Is my company sustainable or just responsible?
If the company isn’t sustainable, it will have little chance to survive in the future, claims Adriana Pulido, founder of ILUNKA.
We like believing that the value of “responsibility” is sufficiently wide to be sufficiently sufficient. And that’s good, actually. It’s good that companies are responsible, but let’s talk about what we understand as “responsible” because if there’s something I’ve learned in my almost 20 years as a sustainability, ESG, and social responsibility consultant is that the trick to a good sustainability strategy and generating real change is in the way each company interprets the criteria they must stick to when it comes to this subject.
For example, I’ve seen companies that, in regards to environmental affairs, are fine with just getting their EISs (Environmental Impact Statement) into a government office; others believe that it’s enough to sort trash in their offices; while some others invest material, financial, human, and time resources to measure their carbon footprint. All of them could call themselves “responsible”, but certainly two of them wouldn’t be securing sustainability in the future or the sustainability of their operations, which is the same either way.
If the company isn’t sustainable, it will have little chance to be tenable in the future. A little bit of wordplay here, since there’s a big confusion between the meaning of the words tenable and sustainable. But we’ll leave that for another time…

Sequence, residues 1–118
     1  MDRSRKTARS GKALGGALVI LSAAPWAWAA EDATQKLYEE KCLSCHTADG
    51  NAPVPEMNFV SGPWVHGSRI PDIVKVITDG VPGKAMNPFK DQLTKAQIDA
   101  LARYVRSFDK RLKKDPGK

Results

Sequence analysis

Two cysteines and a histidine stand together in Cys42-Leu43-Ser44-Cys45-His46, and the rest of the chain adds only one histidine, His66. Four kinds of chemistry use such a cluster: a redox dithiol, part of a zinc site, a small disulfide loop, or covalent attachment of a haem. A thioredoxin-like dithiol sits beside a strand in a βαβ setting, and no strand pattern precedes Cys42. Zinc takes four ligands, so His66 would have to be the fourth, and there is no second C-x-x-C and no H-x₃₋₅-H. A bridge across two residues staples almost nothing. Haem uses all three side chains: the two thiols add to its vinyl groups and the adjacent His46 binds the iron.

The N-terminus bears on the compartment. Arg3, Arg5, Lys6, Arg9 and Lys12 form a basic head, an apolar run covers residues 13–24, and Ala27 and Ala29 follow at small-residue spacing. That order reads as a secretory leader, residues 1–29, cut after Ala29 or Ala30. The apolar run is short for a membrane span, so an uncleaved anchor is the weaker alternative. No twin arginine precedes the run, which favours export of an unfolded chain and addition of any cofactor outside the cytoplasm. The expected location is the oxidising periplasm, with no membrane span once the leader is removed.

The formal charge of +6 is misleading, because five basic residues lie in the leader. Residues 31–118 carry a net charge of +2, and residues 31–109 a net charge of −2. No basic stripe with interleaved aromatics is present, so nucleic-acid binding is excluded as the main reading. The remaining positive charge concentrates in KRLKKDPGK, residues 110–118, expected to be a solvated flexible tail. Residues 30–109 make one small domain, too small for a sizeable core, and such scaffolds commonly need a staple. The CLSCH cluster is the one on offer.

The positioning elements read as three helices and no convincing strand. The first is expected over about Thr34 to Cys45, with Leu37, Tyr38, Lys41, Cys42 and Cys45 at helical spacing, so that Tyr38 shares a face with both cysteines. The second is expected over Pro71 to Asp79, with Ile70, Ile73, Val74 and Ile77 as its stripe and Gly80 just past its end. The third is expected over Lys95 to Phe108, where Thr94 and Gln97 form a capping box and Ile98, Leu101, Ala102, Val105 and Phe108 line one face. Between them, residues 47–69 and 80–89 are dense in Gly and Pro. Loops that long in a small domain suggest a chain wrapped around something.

Anyways, the point is that seen from another angle, taking on the value of responsibility in the management of a company, in the broadest sense of the word, means questioning ourselves what our references and interpretations are regarding what we are supposed to do or not do as an organization.
Understanding that a responsible company not only fulfills what’s required of them from the legal point of view, or doing more than the law requires. It means doing an exercise of context analysis, having a dialogue with our interest groups, mapping traditional and non-traditional risks, promoting resilience, adapting quickly to change and innovation, and then building a business strategy, being very cautious in considering the socio-environmental impacts of the company’s operation. That way, and only that way, will the company secure being tenable, sustainable, and responsible.
It may sound complex, expensive, or arduous, but the truth is that it’s simpler than it looks. In fact, it’s ideal to consider this when the company is barely starting, or in a growing or institutionalization stage, because if you do a business strategy considering sustainability as a pillar that’s perpendicular to the company’s goals, you’ll then have all the tools to stand out from your competitors, to understand your market from a different point of view; you’ll be able to anticipate regulatory changes and prevent risks that some times aren’t obvious on first analysis.
If you’re not doing this at the very least to consider your management responsible, then start preparing for the VUCA environment (volatility, uncertainty, complexity, and ambiguity), which won’t allow the survival of companies that don’t pay attention to these matters.
Let’s do something, though. I suggest you go to my previously published article (January 2022) here on Dalia Empower’s information and content platform, and follow those five steps to begin a sustainability strategy in your company. I promise you that this will armor-plate your organization, but more importantly, you will be part of the transformation of our world and of the corporate system in general.
*Author’s note: This article was written using inclusive language; if you noticed, that’s good, and if you didn’t, that’s ok, too. Inclusive language isn’t a grammatical-based discussion, it’s the origin of our mental constructs and that’s where it should be understood from; this is why it should be naturally adopted.